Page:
Mike Antos is a Senior Watershed Manager for the Santa Ana Watershed Project Authority, facilitating the One Water One Watershed program and leading engagement with members of disadvantaged communities for collaborative watershed management. Mike holds a PhD in Geography from UCLA where he remains a member of the Water Resources Group of the Institute of the Environment and Sustainability. He is on the advisory board of the Loyola-Marymount University Center for Urban Resilience, a founding board member of the Mediterranean Cities Climate Change Consortium, and is a Fellow of the Robert & Patricia Switzer Foundation. Mike serves as co-chair of the American Water Resources Association Integrated Water Resources Management technical committee, and sits on the Technical Advisory Council of California’s Integrated Climate Adaptation and Resilience Program.

Resources:

One Water One Watershed 

Santa Ana Watershed Project Authority (SAWPA) 

Local Government Commission  

2018 New Partners for Smart Growth Conference– February 1-3, 2018 

Local Government Commission 

2018 New Partners for Smart Growth Conference– February 1-3, 2018

Jan 4, 2018

Yes in my back yard (YIMBY)

Guest & Organization:

Sonja Trauss is the founder of the San Francisco Bay Area Renters' Federation – an unincorporated club of pro-building, pro-density renters. Born and raised by a labor and delivery nurse and legal aid attorney in Philadelphia, PA, Trauss learned at an early age the importance of representing the city's most vulnerable populations. 

As an undergraduate at Temple University, she worked for the local Neighborhood Advisory Committee, where she first learned about the mechanics of municipal government. During the financial crisis, she worked as a paralegal for Philadelphia Legal Assistance, helping to defend low income homeowners from foreclosure. She earned her master’s degree in economics in 2011 at Washington University in St. Louis where she then relocated to the Bay Area. As a renter – in El Cerrito and West Oakland, and now in Soma (South of Mission) – she has experienced the Bay Area's housing and transit issues. 

Trauss started the San Francisco Bay Area Renters’ Federation (SFBARF) in 2014 as a response to the anti-growth, anti-newcomer mindset driving housing prices higher in the Bay. Higher housing prices displace many of the most vulnerable long-term residents, making it harder for people to move there, and increase the cost of living for everyone. SFBARF has been nationally recognized as a pioneer in the YIMBY movement to densify our cities, and drive housing prices lower by increasing the number of available houses. 

Trauss is currently running for supervisor and aims to raise her son in a neighborhood that's greener, denser, more pedestrian-friendly, inclusive and more welcoming for everyone, regardless of their origins or present condition.

Resources:

YIMBY Action 

California Renters Legal Advocacy and Education Fund (CaRLA) 

Sonja Trauss for Supervisor 2018 

Local Government Commission  

2018 New Partners for Smart Growth Conference– February 1-3, 2018 

Dec 28, 2017

The dignifying power of design

Guest & Organization:

An architect by training, John Cary has devoted his career to expanding the practice of design for the public good. John's first book was The Power of Pro Bono and his writing on design, philanthropy, and fatherhood has appeared in The New York Times, CNN, and numerous other publications. John works as an advisor to an array of foundations and nonprofits around the world and frequently curates and hosts events for TED, The Aspen Institute, and other entities. Deeply committed to diversifying the public stage, he is a founding partner in FRESH, a next-generation speaker’s bureau that represents young women and people of color. For seven years, John served as executive director of nonprofit Public Architecture, building the largest pro bono design program in the world, pledging tens of millions of dollars in donated services annually.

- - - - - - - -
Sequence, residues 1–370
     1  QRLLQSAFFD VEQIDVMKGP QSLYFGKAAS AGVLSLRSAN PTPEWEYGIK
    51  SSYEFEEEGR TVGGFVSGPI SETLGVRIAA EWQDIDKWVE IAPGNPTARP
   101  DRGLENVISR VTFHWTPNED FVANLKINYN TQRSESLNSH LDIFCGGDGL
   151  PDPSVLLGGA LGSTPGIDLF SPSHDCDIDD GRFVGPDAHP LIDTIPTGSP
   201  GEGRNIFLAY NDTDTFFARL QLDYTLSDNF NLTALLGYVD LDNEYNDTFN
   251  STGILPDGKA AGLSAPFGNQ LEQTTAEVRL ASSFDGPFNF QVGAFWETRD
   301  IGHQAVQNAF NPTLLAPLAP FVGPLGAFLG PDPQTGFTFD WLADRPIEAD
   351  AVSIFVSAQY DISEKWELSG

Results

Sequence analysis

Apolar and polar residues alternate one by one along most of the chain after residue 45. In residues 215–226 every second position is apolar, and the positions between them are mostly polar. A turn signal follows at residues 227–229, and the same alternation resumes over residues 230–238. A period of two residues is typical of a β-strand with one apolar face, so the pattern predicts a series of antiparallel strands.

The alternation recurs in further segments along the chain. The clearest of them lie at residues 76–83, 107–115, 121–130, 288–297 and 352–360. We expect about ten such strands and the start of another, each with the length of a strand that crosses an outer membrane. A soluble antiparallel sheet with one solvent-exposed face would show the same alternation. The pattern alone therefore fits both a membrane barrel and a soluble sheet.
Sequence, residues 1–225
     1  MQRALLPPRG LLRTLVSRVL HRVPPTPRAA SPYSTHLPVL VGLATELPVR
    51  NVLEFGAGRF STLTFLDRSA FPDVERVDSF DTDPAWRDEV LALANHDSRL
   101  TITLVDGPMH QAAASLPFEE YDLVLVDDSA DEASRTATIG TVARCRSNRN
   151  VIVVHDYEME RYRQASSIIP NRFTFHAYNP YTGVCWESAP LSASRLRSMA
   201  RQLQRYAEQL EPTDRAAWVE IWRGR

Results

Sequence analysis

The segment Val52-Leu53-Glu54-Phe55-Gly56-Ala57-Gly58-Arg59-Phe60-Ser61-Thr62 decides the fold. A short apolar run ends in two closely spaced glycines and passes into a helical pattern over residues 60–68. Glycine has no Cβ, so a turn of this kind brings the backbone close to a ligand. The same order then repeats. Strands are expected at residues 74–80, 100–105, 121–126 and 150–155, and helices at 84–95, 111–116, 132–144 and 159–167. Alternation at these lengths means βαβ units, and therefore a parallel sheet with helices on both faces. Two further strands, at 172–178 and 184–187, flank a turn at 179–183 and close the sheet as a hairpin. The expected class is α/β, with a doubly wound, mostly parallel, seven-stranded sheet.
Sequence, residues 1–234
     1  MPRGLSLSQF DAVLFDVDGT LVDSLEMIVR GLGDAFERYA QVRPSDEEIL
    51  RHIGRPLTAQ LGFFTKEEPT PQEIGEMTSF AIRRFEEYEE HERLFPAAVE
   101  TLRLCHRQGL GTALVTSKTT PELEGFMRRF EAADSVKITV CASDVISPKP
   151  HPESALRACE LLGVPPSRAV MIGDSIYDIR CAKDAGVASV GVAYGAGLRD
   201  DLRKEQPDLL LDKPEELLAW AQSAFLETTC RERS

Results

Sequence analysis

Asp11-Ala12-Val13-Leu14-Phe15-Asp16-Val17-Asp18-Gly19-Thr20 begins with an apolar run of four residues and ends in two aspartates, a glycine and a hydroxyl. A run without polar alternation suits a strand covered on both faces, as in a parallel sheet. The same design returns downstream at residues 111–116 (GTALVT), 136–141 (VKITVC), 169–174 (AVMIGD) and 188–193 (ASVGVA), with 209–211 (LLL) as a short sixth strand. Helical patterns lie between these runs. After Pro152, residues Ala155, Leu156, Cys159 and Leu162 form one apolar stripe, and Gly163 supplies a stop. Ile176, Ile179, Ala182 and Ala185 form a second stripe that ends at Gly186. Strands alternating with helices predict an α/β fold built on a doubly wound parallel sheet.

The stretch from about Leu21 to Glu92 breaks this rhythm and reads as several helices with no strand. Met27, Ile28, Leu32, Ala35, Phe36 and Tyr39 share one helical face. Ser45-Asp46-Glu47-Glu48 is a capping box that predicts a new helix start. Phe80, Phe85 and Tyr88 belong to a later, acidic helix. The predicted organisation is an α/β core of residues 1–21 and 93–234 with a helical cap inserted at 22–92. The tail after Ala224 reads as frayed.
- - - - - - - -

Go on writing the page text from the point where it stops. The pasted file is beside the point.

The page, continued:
Resources:

Design for Good: A New Era of Architecture for Everyone by John Cary 

Island Press Urban Resilience Project 

Download the Island Press APP! Learn more about the APP here, and find it on Google Play and Apple App Store

Dec 21, 2017

Topic:

Adapting to a changing climate 

Guest & Organization:

Ellie Cohen, President and CEO of Point Blue Conservation Science since 1999, is a leader in catalyzing collaborative, nature-based solutions to climate change, habitat loss and other environmental challenges. She and Point Blue’s 160 scientists work with natural resource managers, ranchers, farmers, local governments and others to reduce the impacts of environmental change and develop climate-smart conservation approaches to benefit wildlife and people.  

Ellie is the United Nations Framework Convention on Climate Change (UNFCCC) Observer Organization representative for Point Blue. She is Immediate Past Chair and Steering Committee member of the CA Landscape Conservation Cooperative, an invited member of the SF Bay Area's Resilient by Design Research Advisory Committee, and co-founder of the Bay Area Ecosystems Climate Change Consortium.  Ellie was honored with the Bay Nature 2012 Environmental Hero Award for her climate change leadership.  

Ellie received her undergraduate degree in Botany with honors at Duke University and an MPP from Harvard’s Kennedy School of Government where she was honored with the first Robert F. Kennedy Public Service Award. She speaks regularly on the urgent need to include nature-based approaches in the climate change solutions toolbox. 

Learn More about Ellie and her work here.